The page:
A naive question...

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Justine Fraize

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Jul 1, 2019, 6:30:22 AM7/1/19
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Dear users,

we're interested in a strutural model where variables are better related after logarithmic transformation.

Our modeling would look like:

###
lX <- log10(X)
lY <- log10(Y)
lZ <- log10(Z)
dat<-data.frame(lX,lY,lZ)
 
T_Model_Regression <- 'T =~ NA*lX + lY + lZ
T ~~ 1*T'

fit_T_Model<- cfa(T_Model_Regression, data=dat)
###

We wonder wether the latent variable T will eventually correpond to (logX + logY + logZ) or to log(X+Y+Z), which changes the interpretation of the loadings...

Terrence Jorgensen

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Jul 2, 2019, 4:14:02 AM7/2/19
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we're interested in a strutural model where variables are better related after logarithmic transformation.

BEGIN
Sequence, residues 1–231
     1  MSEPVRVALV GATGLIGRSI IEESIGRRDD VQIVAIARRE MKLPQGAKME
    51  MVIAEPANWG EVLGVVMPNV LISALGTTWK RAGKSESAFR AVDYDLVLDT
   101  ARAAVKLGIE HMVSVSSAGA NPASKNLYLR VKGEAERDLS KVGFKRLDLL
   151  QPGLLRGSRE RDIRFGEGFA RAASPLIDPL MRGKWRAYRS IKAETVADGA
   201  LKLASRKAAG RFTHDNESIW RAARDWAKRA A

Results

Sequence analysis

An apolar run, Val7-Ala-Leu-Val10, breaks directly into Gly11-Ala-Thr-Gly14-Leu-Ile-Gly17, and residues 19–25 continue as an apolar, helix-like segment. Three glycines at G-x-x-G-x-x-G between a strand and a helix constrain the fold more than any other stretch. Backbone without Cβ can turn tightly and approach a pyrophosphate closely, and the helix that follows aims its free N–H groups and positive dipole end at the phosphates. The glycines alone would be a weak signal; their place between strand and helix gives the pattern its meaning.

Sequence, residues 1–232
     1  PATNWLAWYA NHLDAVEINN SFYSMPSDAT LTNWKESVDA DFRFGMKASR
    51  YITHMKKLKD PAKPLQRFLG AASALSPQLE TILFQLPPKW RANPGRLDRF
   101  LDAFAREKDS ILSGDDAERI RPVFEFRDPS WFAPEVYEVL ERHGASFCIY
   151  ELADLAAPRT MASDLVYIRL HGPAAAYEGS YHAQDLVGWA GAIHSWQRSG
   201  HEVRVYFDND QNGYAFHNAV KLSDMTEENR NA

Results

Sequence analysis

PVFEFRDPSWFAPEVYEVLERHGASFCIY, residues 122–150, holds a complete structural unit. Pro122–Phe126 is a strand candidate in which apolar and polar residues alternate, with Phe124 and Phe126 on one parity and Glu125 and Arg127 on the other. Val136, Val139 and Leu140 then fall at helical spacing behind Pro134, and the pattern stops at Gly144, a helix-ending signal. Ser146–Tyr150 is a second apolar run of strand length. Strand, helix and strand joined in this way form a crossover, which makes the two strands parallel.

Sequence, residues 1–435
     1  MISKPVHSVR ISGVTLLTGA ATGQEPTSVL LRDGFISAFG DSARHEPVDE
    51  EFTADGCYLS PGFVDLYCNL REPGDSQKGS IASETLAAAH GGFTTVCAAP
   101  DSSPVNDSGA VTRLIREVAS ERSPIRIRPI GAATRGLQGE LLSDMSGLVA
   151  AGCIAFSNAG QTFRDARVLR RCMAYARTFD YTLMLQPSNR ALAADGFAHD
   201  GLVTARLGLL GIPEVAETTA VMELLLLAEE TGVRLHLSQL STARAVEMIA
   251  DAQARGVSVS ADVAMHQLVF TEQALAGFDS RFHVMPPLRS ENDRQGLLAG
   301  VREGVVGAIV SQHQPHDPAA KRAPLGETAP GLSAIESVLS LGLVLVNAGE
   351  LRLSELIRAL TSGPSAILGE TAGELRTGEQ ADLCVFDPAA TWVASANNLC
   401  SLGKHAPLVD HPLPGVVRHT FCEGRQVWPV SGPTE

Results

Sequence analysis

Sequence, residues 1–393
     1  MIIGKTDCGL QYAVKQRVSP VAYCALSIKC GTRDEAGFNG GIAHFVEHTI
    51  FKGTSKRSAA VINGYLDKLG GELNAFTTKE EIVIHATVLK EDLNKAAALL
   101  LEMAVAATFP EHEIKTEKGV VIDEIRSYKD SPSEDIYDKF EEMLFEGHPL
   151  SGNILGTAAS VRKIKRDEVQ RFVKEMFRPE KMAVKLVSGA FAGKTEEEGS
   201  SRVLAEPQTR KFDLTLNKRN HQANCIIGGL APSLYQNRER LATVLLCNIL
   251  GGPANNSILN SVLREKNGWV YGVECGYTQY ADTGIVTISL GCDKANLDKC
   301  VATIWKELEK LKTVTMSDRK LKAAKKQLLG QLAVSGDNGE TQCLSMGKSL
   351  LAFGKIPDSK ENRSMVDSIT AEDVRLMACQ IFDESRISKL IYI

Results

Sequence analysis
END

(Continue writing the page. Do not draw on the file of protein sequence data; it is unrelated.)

That sounds like dubious data-driven reasoning.  Is there a theory behind why a factor has a log-linear relationship with its indicators, instead of a linear one?

We wonder wether the latent variable T will eventually correpond to (logX + logY + logZ) or to log(X+Y+Z)

Neither.  Summing indicators implies a formative construct.  Your model implies a reflective construct.


which changes the interpretation of the loadings...

The loadings are now linear regression slopes on the transformed outcomes.  So when the factor T increases by 1 unit (here, 1 SD), a log10-transformed indicator's expected value increases by its factor loading.  Like any log-linear model, you can transform that loading/slope by exponentiating out the log (so here, raise 10 to the power of the loading) in order to interpret how the expected value of the original variable changes as a function of T.  But your SEs and tests only apply to the log10 scale because that is how the parameters were estimated.

Terrence D. Jorgensen
Assistant Professor, Methods and Statistics
Research Institute for Child Development and Education, the University of Amsterdam

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